Business

Amplats should cut costs rather than retrench, says Amcu

Lisa Steyn

The Association of Mineworkers and Construction Union has called on government to intervene in Anglo Platinum's plans to retrench 14 000 employees.

Amcu has a membership of 26 000 out of Anglo Platinum's 60 000 employees across all its operations. (Delwyn Verasamy, M&G)

It has also called for government to revoke the mining licences of the soon to be mothballed shafts in Rustenburg, possibly even nationalising them.

Amcu has a membership of 26¬†000 out of Anglo Platinum’s 60¬†000 employees across all its operations, according to Joseph Matunjwa, the union’s president. Speaking at a press conference in Woodmead on Thursday, Matunjwa said Amcu was not formerly notified of the retrenchments, and learnt about the mining company’s plans through the media.

“This is unacceptable,” Matunjwa said. Given the high rate of unemployment in South Africa, he said the multinational mining company had shown that it did not have the ¬≠country’s interests at heart.

He said no jobs should be lost and stakeholders should rather engage on a strategy of how to cut unnecessary costs. He also called for the intervention of Mineral Resources Minister Susan Shabangu.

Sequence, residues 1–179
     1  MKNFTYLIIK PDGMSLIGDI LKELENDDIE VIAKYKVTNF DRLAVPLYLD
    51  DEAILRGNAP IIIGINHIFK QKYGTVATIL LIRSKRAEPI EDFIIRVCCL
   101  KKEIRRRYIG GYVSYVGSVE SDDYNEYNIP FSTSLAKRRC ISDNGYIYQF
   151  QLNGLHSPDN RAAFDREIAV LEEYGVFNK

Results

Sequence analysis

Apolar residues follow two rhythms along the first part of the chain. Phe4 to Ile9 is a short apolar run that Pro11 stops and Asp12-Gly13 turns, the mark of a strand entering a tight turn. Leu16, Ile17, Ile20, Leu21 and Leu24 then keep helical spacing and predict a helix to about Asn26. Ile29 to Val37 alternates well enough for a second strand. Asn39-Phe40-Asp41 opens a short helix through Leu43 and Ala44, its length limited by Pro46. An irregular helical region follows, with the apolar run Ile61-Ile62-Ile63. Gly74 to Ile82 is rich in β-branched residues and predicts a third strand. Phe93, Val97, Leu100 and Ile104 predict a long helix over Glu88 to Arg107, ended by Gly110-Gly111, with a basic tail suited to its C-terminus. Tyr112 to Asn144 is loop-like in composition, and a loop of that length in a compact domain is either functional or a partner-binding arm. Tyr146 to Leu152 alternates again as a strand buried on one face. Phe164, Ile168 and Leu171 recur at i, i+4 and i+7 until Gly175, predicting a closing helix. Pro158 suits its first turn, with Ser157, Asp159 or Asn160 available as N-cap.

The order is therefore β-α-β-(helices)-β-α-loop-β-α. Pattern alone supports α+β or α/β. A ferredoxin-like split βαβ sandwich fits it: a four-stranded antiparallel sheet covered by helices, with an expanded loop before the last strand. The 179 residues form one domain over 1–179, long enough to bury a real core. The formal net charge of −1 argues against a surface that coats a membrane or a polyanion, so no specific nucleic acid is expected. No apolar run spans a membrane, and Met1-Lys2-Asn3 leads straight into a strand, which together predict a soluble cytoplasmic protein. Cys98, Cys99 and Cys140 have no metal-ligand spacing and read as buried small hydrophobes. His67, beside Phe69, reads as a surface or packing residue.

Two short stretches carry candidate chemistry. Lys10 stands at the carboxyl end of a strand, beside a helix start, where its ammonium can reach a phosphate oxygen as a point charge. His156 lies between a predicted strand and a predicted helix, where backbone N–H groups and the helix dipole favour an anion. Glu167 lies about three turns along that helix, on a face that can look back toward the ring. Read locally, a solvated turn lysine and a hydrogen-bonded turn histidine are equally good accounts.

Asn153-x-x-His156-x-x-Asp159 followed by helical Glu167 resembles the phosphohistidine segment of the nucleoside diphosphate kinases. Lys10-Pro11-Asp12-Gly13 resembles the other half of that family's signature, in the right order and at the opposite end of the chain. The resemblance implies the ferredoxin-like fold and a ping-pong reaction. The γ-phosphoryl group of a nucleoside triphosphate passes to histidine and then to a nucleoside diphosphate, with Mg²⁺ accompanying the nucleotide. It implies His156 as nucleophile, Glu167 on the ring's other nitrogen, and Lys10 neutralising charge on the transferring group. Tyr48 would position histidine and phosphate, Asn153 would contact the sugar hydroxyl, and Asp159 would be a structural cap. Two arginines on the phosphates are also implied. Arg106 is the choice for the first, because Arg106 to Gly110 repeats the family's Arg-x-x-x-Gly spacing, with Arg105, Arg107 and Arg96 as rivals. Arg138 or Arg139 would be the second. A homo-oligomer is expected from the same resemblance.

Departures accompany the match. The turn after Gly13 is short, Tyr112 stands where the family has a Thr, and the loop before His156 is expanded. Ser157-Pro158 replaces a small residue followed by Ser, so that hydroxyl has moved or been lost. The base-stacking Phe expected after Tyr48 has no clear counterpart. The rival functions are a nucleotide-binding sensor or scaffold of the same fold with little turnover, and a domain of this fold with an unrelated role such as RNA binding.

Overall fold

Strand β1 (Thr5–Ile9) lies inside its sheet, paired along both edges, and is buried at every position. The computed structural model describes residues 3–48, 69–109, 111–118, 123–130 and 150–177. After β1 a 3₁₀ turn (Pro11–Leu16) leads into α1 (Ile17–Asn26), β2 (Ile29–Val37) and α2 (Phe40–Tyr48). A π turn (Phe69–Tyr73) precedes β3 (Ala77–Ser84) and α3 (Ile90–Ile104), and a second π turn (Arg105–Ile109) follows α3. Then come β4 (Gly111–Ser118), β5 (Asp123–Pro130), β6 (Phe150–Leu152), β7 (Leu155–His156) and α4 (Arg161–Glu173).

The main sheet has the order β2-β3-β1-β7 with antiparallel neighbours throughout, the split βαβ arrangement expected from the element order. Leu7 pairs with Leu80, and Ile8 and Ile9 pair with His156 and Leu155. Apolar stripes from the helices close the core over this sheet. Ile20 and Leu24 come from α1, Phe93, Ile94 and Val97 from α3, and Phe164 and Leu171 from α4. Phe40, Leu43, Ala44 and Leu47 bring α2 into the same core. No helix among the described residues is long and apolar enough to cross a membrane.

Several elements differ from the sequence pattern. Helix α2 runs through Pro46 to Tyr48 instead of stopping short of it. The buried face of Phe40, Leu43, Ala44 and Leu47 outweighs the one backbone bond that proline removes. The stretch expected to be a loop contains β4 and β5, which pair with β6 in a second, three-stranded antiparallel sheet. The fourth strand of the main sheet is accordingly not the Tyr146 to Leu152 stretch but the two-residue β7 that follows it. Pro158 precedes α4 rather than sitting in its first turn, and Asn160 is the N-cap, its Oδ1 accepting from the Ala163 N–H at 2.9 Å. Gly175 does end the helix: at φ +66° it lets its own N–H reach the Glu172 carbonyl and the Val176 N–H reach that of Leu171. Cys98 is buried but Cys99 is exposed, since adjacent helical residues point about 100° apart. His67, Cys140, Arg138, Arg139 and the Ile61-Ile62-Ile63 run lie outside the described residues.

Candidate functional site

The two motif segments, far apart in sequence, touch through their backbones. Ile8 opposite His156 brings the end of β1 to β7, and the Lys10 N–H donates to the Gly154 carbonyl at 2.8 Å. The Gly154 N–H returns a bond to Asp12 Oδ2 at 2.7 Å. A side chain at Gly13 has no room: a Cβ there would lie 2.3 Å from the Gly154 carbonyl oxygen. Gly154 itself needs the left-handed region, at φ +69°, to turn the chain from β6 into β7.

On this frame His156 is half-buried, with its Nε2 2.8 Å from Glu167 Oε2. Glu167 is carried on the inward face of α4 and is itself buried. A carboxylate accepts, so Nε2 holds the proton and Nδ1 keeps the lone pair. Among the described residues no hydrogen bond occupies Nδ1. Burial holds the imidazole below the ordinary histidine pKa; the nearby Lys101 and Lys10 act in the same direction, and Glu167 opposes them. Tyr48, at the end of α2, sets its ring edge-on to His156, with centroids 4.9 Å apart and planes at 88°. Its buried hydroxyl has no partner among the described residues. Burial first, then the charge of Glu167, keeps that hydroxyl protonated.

“We call on the minister of mineral resources, for those [mine shafts] on care and maintenance, to withdraw licences and allow interested businesses to mine there,” he said.

Matunjwa said the planned closures could also be an opportunity to see how nationalisation might work on a small scale. “If Anglo insists on closing these mines, it is a window for the government to nationalise the mine and save those jobs,” he said.

Enterprise-development
Anglo Platinum has said it will redeploy a third of its workers to Anglo American’s other operations and that two-thirds would be trained to take part in small enterprise-development projects initiated by the company.

But Matunjwa said Anglo Platinum should reskill the workers while they were still in its employment and questioned whether the promise of new jobs merely formed part of a public-relations exercise.

“What jobs? Is it formal employment, or small to medium enterprises in this crowded small space?

“I don’t think that will fly,” he said.

Amcu said the issue was much bigger than just retrenchments at Anglo. Economic policy was flawed and needed to change.

“As long as this economy is run by the foreigners, we are far from reaching liberation.”

After an illegal work stoppage on Wednesday, employees returned to work on Thursday, but the union will meet with its members again this weekend. Matunjwa said, if members wanted to strike, Amcu would have to follow due process.


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